Globe Telecom gives big picture of local telco industry
We write to add context to a 2-part report that the Philippine Daily Inquirer published last January 29-30, entitled “Keeping a promise to end telco duopoly” and “Gov’t paves way for entry of 3rd telco player” written by Miguel Camus. While the article endeavored to give readers a fair assessment of the local telco industry, we would like to provide more information and context about the business, capex and dividends.
An article published in January 2017 made reference to an academic research published last year by University of the Philippines (UP) Professor Emeritus Epictetus Patalinghug (https://www.ssrn.com/abstract=2912238 ) indicating that the telcos are earning below the average rate of returns compared to the top Philippine firms in other industries over a longer time horizon. The study stated that “as telcos aggressively embark on increasing capital expenditures, they must be able to generate enough cash flow to sustain the needed investments in capital-intensive industries. More significantly, high capital-intensive industries evidently require high margins to be viable.”
The study sheds light to what the PDI article referred to as “immense profits” being generated by existing telco operators supposedly since the turn of the century with EBITDA margins of around 40%. In the case of Globe, the sustained profitability is necessary to fund high capital spending, averaging about 31% annually of gross service revenues – the highest in Asia next only to Chinese telco operators amid growing customer demand for bandwidth-intensive content and rapid shifts in technology. Adoption of latest technologies enables a telco operator like Globe to keep the industry at par with the rest of the world to support vital industries like BPOs and other sectors with large connectivity requirements that provide jobs to many Filipinos, create connected cities in rural areas especially public schools, initiate financial inclusion through mobile money, e-payment and e-commerce, and provide livelihood down to the barangay and sari-sari store level.
All over the world, telco operators are likely to keep their capital spending at high levels, given the need to build more connectivity, step up deployment of fiber optic cables, and prepare for the next wave of digitalization including 5G, artificial intelligence, and the Internet of Things (IoT).
We would also like to point out that before achieving profitability in more recent years, local telco operators faced a lot of challenges following the deregulation of the industry in the 1990s. Readers may not recall, but many telco operators who participated in the government’s then service area scheme suffered losses, ultimately forcing some players to go into financial rehabilitation due to the required fixed line rollout commitments in underdeveloped regions of the country; the Asian financial crisis that led to the surge in interest rates and the steep depreciation of the peso vis-à-vis the dollar which caused telco operators to be mired in massive debts with high interest; and the widespread cloning of IDD mobile calls and spurious postpaid line subscriptions that caused high levels of bad debts. These factors, later combined with the introduction of lower-yielding unlimited on-net services, contributed to the consolidation of mobile and landline operators in the sector. Although today, there are still smaller telco players in the provinces who rely mostly on inbound international calls for their revenues. However, capex requirements, rapid technology changes, and the need to cope with market demands have kept these small telco players from expanding their services to other areas. On a related note, we would also like to clarify that the total capex of Globe from 2001-2016 reached Php357.6 billion, not Php377.6 billion as the article stated.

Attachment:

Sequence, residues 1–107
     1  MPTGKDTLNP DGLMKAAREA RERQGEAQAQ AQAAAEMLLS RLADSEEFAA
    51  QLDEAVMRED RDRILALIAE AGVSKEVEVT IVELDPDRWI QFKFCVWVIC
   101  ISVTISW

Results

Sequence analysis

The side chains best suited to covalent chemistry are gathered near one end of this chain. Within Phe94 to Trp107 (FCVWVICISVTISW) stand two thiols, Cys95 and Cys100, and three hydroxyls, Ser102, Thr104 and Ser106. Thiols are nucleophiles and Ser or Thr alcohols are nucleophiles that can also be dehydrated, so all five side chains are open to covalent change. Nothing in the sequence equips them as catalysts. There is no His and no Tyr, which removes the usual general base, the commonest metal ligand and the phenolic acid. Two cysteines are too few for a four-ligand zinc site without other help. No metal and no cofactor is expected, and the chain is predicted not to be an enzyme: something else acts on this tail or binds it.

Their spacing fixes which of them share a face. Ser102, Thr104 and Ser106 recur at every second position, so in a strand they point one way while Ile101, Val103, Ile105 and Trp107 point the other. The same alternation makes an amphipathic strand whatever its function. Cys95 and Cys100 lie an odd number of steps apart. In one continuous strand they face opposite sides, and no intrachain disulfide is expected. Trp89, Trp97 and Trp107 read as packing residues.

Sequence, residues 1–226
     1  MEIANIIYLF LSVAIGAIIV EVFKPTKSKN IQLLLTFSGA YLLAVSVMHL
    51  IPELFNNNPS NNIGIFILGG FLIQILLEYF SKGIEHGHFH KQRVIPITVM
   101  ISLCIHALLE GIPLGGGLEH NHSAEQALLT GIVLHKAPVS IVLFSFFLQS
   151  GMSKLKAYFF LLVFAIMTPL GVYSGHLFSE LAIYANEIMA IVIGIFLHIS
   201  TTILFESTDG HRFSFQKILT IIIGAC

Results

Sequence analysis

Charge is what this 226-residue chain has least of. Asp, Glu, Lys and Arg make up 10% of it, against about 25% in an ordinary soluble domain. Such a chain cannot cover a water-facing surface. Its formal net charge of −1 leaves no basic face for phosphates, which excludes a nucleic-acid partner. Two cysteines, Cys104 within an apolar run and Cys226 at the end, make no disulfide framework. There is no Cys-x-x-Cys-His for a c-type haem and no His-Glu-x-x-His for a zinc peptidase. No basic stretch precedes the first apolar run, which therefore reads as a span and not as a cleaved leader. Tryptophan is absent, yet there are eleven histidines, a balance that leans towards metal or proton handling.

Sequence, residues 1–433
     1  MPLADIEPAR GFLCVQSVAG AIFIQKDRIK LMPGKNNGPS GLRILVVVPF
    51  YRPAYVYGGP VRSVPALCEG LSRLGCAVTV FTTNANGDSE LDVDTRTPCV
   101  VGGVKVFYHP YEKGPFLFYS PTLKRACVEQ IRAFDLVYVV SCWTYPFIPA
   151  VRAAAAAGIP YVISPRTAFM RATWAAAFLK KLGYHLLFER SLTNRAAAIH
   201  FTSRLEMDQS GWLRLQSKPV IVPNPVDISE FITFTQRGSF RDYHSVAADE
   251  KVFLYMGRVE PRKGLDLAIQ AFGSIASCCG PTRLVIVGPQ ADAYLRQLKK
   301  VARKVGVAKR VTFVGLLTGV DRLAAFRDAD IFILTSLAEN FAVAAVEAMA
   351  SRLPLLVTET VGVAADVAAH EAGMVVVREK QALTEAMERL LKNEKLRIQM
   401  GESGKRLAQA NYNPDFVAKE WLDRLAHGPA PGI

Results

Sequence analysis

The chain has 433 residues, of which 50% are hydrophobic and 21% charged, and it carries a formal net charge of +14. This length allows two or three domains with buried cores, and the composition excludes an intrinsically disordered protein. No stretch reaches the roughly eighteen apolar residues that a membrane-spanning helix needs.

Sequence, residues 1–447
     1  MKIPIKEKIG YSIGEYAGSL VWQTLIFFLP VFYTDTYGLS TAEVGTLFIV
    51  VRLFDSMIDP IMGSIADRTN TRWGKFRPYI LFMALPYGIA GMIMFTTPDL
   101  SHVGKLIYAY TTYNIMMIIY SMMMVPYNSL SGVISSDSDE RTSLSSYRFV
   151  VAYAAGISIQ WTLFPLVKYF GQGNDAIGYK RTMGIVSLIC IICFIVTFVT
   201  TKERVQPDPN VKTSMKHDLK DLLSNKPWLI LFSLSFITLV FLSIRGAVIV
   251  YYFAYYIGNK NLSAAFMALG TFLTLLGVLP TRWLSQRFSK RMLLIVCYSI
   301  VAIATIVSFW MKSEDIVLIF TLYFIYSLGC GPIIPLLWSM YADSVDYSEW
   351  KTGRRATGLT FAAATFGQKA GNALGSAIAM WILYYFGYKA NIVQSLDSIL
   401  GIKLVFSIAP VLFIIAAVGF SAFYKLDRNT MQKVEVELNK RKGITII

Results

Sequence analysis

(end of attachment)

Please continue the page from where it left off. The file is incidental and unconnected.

In relation to the article mention of our dividend policy, Globe returns to its shareholders dividends equivalent to 75%-90% of its prior year’s core net income. Such policy was adopted as the company embarked on its network modernization program in 2011 where a substantial amount involving the legacy network was subject to accelerated depreciation. Also, it is important to note that from 2007 to 2009, Globe declared special cash dividends per share of Php50 to common shareholders, as part of its efforts to optimize its capital structure. Prior to the payout of the special cash dividends, the company’s gross debt to equity ratio was only at 0.69:1 while its net debt to equity ratio was at 0.43:1 as of December 31, 2006. Had Globe not paid out the special cash dividends, the total amount paid out from 2000 to 2016 would have only been about Php115 billion or 15% lower. As a publicly listed company, we believe that a sustainable organization should not only operate with sound financial performance bu should equally provide adequate shareholder returns as well.
Moreover, we would like to point out that Globe major shareholders Singtel and Ayala Corporation, remained committed to the company despite the many business risks and losses it suffered from 1992 to 1997 when it launched its mobile and landline businesses during the liberalization of the telco sector.
We hope this helps provide your readers with a broader perspective of the telco industry in the country.
Yoly C. Crisanto
Senior Vice President
Subscribe to INQUIRER PLUS to get access to The Philippine Daily Inquirer & other 70+ titles, share up to 5 gadgets, listen to the news, download as early as 4am & share articles on social media. Call 896 6000.